Once the seeds of desire are sown . . .
Finally free of her suffocating marriage, widow Daisy Ellis Craigmore is ready to embrace the pleasures of life that have long been denied her. Yet her new-found freedom is short lived. A string of unexplained murders has brought danger to Daisy’s door, forcing her to turn to the most unlikely of saviors . . .
Their growing passion knows no bounds . . .
Ian Ranulf, the Marquis of Northrup, has spent lifetimes hiding his primal nature from London society. But now a vicious killer threatens to expose his secrets. Ian must step out of the shadows and protect the beautiful, fearless Daisy, who awakens in him desires he thought long dead. As their quest to unmask the villain draws them closer together, Daisy has no choice but to reveal her own startling secret, and Ian must face the undeniable truth: Losing his heart to Daisy may be the only way to save his soul.
*Blurb taken from Goodreads*
Moonglow was one of my most anticipated reads for me this year. Ever since I read the first book in the series, Firelight, I was totally sucked into Kristin Callihan’s vision of a Victorian London filled with supernatural beings. The events in this book start months after the last book with Daisy, the sister of the heroine in Firelight, coming out of mourning after the death of her husband. Her marriage was an unhappy one with an abusive husband, but Daisy is now relieved that she is free to embrace her new found freedom. During a social gathering a werewolf suddenly attacks and kills Daisy’s suitor and a friend of hers. This draws the attention of Ian Ranulf who is on the hunt to track this rogue werewolf before he kills again, and who seems to be fixated on Daisy.
If I loved Firelight, then I frelling adored Moonglow! Ian and Daisy’s relationship was fantastic to see as it developed throughout the book — from the moment they teamed up to investigate the murders linked to the rogue werewolf, and to the scene which they both opened up about their past and secrets. The dynamic between them really shone with intensity, and Kristin Callihan has a great gift in building up tension and emotional nuance in their romance. Their scenes together were thick with sexual tension. It really becomes palpable when they have their first kiss and its aftermath which really cranks up the temperature gauge.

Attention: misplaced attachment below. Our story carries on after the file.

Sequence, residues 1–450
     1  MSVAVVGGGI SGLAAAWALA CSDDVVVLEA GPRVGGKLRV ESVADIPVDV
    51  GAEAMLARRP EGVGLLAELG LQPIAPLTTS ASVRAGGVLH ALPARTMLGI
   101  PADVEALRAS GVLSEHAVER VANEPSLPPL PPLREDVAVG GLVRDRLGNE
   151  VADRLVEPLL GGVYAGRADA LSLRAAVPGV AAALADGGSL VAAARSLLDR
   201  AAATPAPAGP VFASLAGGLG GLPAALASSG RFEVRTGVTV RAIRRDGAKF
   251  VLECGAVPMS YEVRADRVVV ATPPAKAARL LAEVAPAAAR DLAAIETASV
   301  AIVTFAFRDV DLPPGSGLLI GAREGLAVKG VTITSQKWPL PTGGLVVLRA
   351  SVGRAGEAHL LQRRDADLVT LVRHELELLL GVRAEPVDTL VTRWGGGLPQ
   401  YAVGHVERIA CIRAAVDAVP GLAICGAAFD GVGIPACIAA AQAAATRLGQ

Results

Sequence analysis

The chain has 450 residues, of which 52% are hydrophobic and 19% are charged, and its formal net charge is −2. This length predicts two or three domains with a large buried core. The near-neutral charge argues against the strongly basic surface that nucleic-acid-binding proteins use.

‘She closed her eyes and concentrated on the cool feel of his shirt against her hot cheek.
“My mind is filled.”
Her free hand, heavy with languor, drifted along his arm and he trembled softly.
“With what?” She whispered.
“You. All the time. You.” He sighed. “Daisy has up taken residence here.” Yet it was to his heart he pressed her hand, to feel its pounding. “How to keep you safe. How to keep you out. How to keep…you.”
Ian’s character really comes alive for me in this book, because when we first meet him from Firelight, he is this gruff, antagonistic and closed off man whose family legacy of being a lycan holds a heavy price for him. It was wonderful to see him opening up and becoming vulnerable when he realises how much he has fallen for Daisy who also does the same. I really enjoyed their emotional development and how they evolved throughout the story.
This book opened and expanded the world from the first instalment, and it helped to cement the world-building and mythology which made it rich and vivid, especially with the new characters that were introduced. I really loved that some of the new supernatural beings such as Lucien, who is a ghost in the machine (spirits who take over and inhabit the bodies of dying humans) brought a new imaginative dimension to the setting and story. There were also a few cameos from the previous book which was fun, but it also helped to bring forward several of the on-going plot threads, and helped to hint on the future story in the next book.
Another facet in the mythology was how Kristin Callihan illustrated her take on the werewolf myths. I found that to be refreshing and different, and I liked the differences between a lycan who is able to control the impulses of their inner wolves while a werewolf loses control of theirs.
Ian’s struggle to maintain control and dislike to be involved with lycan and other preternatural beings politics becomes a very personal conflict for him in the book which added another dimension to the story. And Daisy also discovers a new ability which becomes a bit of a revelation to the rest of the Ellis sisters, Miranda and Poppy. However, I did find this aspect of the plot my only niggle in the book, because it was a bit out of the blue. Although there was hints of this power with Daisy’s powerful scent of smell which becomes a very useful skill in tracking down the rogue werewolf. But this twist did help to expand the overarching world-building which was missing from the first book, which I felt had some elements missing. It also explained and introduced the different types of societies these beings belong to.
But the real joy for me in this book was the love story and the rich, vivid and gothic atmosphere of Victorian London which really fits with the supernatural tone fantastically. And I’m usually not a fan of paranormal elements in a historical setting because it rarely works for me, but in this case, how the setting and supernatural premise is laid out to the reader feels so fresh and unique. The set up for the next book which will feature the oldest sister Poppy and her husband promises to be just as good as well as emotionally intense due to the events in the plot.
The Darkest London books has definitely become one of my favourite paranormal series, because the cast of characters share fantastic chemistry and so far I haven’t been disappointed yet. Moonglow was utterly entrancing and filled with fast paced action and a heart-warming and passionate romance. Moar Please!
I give Moonglow an A